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I don't think you understand the concept as much as you think you do

They do see the same signal? Are you sure about that?? :)
I think you'll find that only at one single frequency do the woofer and tweeter receive exactly the same signal.

Yet another person who doesn't understand the concept. My goodness.

They never receive the same signal at any frequency. At the frequency where the amplitudes are equal, the phase is different.

And I don't know why you insist on pushing the crossover analogy in this thread. It really is irrelevant. Your point seems to be that two interconnects hanging off a switch box makes two parallel LCR networks, and hey, a crossover has two parallel LCR networks too! Therefore they must be comparable. Well, no they are not. The crossover is designed to be a frequency dividing network with cutoffs in the middle of the audio band. The interconnects are not. Neither is the switch box. And the source impedances are vastly different, and the loads are vastly different too. There is literally nothing comparable in your analogy.

I suggest to read up on voltage sources.
Also read up on the specific requirements for this test called out by the engineers who have advocated it. You do need to satisfy some requirements for it to be valid.

The primary requirement is: for this "separation" of networks to occur and a valid A/B comparison to result, you do need to have a real-world source that is pretty close to a theoretical voltage source. For interconnect testing something like a zero ohm headphone amplifier would work well. For power amplifier testing, a solid-state amp with very low output impedance. If you satisfy that requirement in the conventional two-way speaker system example I mentioned, you'll find that disconnecting either the woofer/network or the tweeter/network individually will not alter the operation of the other in a significant way. When both are connected, the two legs will have minimal/no interaction with each other.

In either case, the characteristics will lump.....but only as seen by the source....which should be a voltage source. In that case, regards the loads, the networks will operate as if the other were not connected.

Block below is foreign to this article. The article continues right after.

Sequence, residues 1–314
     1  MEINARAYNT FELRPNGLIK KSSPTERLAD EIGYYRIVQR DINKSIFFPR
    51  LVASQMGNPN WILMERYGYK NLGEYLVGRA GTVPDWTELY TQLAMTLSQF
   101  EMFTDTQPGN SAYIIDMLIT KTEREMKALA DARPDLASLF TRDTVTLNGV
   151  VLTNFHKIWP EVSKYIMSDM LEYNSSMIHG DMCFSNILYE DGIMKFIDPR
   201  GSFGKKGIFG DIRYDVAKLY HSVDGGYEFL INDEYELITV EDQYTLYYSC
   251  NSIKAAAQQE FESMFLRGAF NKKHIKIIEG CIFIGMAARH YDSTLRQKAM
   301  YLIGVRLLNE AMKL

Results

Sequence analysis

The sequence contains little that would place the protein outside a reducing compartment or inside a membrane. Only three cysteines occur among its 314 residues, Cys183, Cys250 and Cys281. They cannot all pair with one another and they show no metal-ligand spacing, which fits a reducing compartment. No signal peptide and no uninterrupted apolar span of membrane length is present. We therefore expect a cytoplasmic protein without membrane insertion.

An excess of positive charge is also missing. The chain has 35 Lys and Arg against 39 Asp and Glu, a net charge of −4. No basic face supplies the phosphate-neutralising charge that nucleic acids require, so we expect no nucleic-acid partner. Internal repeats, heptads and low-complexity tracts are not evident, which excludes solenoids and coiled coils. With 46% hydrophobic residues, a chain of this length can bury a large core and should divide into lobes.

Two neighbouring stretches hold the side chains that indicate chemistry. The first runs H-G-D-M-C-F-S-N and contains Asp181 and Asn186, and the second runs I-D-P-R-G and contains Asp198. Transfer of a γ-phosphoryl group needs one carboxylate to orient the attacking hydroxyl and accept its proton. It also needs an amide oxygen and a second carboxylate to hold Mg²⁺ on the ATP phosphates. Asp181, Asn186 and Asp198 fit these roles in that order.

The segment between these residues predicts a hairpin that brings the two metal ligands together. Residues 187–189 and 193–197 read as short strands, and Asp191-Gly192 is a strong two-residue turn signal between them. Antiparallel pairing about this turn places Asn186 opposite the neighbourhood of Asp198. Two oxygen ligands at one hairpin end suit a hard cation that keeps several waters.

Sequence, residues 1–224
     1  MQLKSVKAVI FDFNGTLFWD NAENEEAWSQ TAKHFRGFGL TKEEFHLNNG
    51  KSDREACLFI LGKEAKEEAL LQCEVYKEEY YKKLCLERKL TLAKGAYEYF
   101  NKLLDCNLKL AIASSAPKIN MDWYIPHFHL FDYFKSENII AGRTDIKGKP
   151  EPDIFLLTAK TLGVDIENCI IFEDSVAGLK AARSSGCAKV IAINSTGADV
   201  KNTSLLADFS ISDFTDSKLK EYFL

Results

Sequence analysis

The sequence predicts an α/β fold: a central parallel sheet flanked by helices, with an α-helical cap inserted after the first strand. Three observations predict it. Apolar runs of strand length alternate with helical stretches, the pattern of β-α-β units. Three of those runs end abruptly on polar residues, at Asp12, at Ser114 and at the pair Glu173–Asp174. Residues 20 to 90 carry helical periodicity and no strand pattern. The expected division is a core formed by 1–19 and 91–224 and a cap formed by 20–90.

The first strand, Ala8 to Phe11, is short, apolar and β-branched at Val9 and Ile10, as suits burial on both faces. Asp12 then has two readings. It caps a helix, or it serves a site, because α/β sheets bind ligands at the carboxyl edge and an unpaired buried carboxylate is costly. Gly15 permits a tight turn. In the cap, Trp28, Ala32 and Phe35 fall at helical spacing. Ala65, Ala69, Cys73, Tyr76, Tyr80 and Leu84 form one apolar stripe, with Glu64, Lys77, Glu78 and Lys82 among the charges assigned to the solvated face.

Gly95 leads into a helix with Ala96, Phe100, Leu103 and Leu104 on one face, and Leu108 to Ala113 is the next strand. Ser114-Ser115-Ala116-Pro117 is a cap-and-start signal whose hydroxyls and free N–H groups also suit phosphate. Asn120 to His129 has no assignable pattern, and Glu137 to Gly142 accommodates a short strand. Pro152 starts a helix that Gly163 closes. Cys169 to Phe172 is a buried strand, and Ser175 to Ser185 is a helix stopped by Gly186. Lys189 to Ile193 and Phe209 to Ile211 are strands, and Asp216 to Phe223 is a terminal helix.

This is basic stuff fellas.

That's totally irrelevant because the output stage of a source component or pre-amp is far, far from an ideal voltage source. Typical output impedance values for components with solid state output stages vary from a few 10s of ohms to a few hundred ohms. For tube gear it's typically a few hundred up to a few thousand. And these impedances are reactive too, with output transformers and/or caps around the output for isolation, DC blocking, and filtering.

Let's go back to basics. An ABX test is a statistical hypothesis test. The hypothesis is that two different line level interconnects produce audibly different results during music playback from an audio system. A valid ABX test of the hypothesis can only be performed if the design of the experiment preserves or duplicates the conditions under which the hypothesis could be true. If your experiment depends on using a source that behaves as an ideal voltage source and isn't representative of a typical audio source component or pre-amp, then you aren't testing the hypothesis.

Using a typical audio pre-amp driving a typical audio power amp, you can't hand wave away the fact that this particular test setup makes the parallel capacitance of A the same as the parallel capacitance of B which equals the sum of the two interconnects. The open-circuited interconnect hanging off the switchbox may also be conducting RFI into the circuit under test. Even the switchbox itself is a problem. The mere presence of the switchbox in the circuit could invalidate the test unless its impedance is a couple orders of magnitude less than the cables under test. And you would have to be sure that the switchbox doesn't introduce a path for RFI or EMI to enter the circuit, and the switchbox has to preserve the relationship between the grounds of the source and sink components.

The QSC and AVA ABX comparators, for example, are essentially passive pre-amps. When you put one of those things in the circuit, you are not testing the original hypothesis.

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